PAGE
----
Your skin is maddeningly itchy and splotchy, so you ask good ol’ “Doc Internet” to see what might be going on. Maybe it’s eczema. The symptoms seem to fit. But then you stumble upon an article about psoriasis and you’re not so sure.
Do you have eczema, psoriasis, or just a rando rash that will eventually bugger off?
Eczema and psoriasis can look a lot alike. But they’re distinctive itch animals that require different treatments. Here we break down how to spot the difference between these two frustrating skin conditions.
Psoriasis may be itchy or even sting like a burn. Affected thick patches of skin often feel dry, cracked, and scaly.
Psoriasis is a systemic inflammatory illness that can also cause stiffness and swelling in the joints and surrounding tissue. This is called psoriatic arthritis or PsA. People who have PsA may also experience severe pain and fatigue as part of their overall psoriatic condition.
Eczema is actually the umbrella term for seven different types of itchy skin conditions. Eczema is often even itchier than psoriasis. In some cases, people with eczema scratch their skin so much it bleeds. It can also ooze and crust. The inflamed patches might become swollen or feel rough and leathery.
Psoriasis looks red or deep purple and is often covered in silvery scales. The spots are sometimes smaller and well defined. In severe cases, they may converge over a larger area. Psoriasis can also cause your nails to become cracked or pitted.
Depending on the type of eczema, affected skin can blister, crust, develop circular lesions, or swell. Eczema patches typically turn red, brownish-red, purple, or ashen, depending on your skin color.
Psoriasis often forms on the elbows and knees, where it can initially be confused with just dry, albeit itchy, skin. It’s also common on the scalp, where it might be mistaken for dandruff. Psoriasis can show up on the palms, and soles of feet, among other places.
Eczema, on the other hand, often forms in the crooks of elbows and knees, rather than the outside of the joints. Eczema can also show up between fingers and toes and in other sensitive areas.
Triggers are not a cause of psoriasis, but they can bring on a flare of worsening symptoms, like itching, pain, fatigue, and joint swelling. What might trigger a psoriasis flare in one person may not have the same effect in someone else with the condition.
As for many chronic conditions, stress is a common bugger for psoriasis. Having a cold, the flu or another illness can also kick psoriasis into high gear.
Researchers have found a link between strep throat and guttate psoriasis, which is characterized by small round, scaly spots. A skin injury, such as a sunburn or cut might also bring on a flare.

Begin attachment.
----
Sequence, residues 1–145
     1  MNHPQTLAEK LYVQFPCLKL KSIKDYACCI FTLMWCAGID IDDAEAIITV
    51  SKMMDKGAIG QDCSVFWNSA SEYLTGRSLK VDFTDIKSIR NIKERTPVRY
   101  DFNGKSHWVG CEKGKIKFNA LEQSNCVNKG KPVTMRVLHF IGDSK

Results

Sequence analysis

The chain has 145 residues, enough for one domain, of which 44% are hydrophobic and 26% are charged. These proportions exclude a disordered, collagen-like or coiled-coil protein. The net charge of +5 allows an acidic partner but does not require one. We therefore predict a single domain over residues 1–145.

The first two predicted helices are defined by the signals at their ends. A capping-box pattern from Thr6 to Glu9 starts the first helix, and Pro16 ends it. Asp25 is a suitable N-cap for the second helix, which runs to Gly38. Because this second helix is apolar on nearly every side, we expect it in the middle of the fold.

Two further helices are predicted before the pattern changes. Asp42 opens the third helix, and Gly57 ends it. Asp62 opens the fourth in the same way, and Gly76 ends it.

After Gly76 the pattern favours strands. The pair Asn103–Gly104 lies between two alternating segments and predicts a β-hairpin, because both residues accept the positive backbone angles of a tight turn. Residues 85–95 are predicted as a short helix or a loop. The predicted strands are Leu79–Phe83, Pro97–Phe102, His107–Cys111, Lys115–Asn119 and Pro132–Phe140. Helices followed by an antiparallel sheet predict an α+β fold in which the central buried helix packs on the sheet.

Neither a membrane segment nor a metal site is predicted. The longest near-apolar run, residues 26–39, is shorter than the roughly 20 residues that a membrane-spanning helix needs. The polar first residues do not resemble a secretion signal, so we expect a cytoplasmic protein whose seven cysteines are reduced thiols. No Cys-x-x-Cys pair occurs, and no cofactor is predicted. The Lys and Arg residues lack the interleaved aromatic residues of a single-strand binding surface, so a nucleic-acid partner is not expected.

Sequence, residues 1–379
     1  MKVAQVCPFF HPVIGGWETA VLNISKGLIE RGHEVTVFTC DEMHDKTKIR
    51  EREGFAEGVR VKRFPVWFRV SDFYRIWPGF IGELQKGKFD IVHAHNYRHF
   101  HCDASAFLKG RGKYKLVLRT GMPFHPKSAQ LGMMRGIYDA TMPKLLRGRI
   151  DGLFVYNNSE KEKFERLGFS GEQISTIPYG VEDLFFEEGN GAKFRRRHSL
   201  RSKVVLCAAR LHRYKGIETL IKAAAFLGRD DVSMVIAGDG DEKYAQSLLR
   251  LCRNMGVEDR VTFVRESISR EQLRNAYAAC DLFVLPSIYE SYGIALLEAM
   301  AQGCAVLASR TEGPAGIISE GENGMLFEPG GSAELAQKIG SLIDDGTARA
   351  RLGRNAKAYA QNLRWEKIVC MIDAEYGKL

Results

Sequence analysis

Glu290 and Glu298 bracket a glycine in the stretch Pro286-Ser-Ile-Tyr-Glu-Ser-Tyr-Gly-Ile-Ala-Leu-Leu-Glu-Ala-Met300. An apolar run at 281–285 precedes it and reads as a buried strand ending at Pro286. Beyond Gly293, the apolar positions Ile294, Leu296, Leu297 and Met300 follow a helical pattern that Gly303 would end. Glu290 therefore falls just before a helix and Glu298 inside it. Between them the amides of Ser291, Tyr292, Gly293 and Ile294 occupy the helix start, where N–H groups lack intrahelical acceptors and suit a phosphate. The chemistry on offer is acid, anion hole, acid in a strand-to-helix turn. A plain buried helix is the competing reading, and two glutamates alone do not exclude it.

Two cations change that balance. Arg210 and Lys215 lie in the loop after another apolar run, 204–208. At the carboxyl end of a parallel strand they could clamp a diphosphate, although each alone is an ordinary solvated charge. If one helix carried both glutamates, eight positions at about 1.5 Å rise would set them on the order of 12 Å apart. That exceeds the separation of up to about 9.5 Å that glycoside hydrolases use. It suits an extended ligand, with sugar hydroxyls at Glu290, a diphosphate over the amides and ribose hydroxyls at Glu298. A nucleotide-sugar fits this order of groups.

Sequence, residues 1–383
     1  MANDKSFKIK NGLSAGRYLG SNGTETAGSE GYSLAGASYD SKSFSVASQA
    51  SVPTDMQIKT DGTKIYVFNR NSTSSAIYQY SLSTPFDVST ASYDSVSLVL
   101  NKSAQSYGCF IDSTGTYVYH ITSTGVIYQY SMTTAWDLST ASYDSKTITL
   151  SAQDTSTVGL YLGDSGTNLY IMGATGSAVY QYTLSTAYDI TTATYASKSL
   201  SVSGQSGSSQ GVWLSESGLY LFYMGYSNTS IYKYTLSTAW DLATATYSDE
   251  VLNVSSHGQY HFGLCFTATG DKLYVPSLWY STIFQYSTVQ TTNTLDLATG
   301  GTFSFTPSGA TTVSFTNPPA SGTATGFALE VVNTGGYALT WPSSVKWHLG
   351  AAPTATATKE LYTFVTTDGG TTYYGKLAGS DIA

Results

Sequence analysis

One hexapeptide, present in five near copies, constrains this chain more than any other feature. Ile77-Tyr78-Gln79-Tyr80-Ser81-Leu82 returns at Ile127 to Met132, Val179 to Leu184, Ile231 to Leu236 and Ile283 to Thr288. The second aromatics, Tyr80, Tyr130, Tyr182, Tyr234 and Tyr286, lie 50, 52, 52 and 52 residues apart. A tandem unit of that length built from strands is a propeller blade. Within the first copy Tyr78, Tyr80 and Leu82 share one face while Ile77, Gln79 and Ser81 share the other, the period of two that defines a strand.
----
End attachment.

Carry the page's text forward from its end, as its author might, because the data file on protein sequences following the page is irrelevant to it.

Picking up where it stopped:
Eczema triggers also vary from person to person. Dry skin is one of the most common issues that can lead to a flare, so changes in the weather can be problematic for eczema too.
People with eczema may also recognize certain irritants, like nickel in jewelry or chemicals in skin care products as triggers. With eczema, stress can also be a catalyst for bringing on the itch.
Treatment for psoriasis often starts with topicals, either over the counter or prescription to help combat itch.
For moderate to severe psoriasis (or when joints are affected with PsA), systemic treatment such as biologics and biosimilars are often prescribed. Systemic drugs are sometimes taken orally. Other times, they’re given by injection or infusion.
Complementary and alternative treatments include stress management or dietary changes. Phototherapy — treatments that involve exposing affected areas to ultraviolet light — can also keep symptoms at bay.
Treatments for eczema may involve:
- topical creams to control itch
- systemic medications that suppress the immune system
Helpful skin care regimens include bathing in lukewarm (rather than hot) water then following up with ointment creams to seal in moisture. To treat intense itching, wet wrap therapy — a process of wrapping a wet dressing in a dry dressing, usually overnight — is sometimes used.
Psoriasis and eczema are both itchy and uncomfortable, especially during a flare-up. Although they sometimes look alike, they aren’t the same thing. As far as chronic skin conditions go, they require different management.
If you’re experiencing itchy, dry, scaly patches of skin, it’s best to see a dermatologist who can help differentiate between the two diseases. A proper diagnosis puts you one step closer to getting the best treatment and finding relief.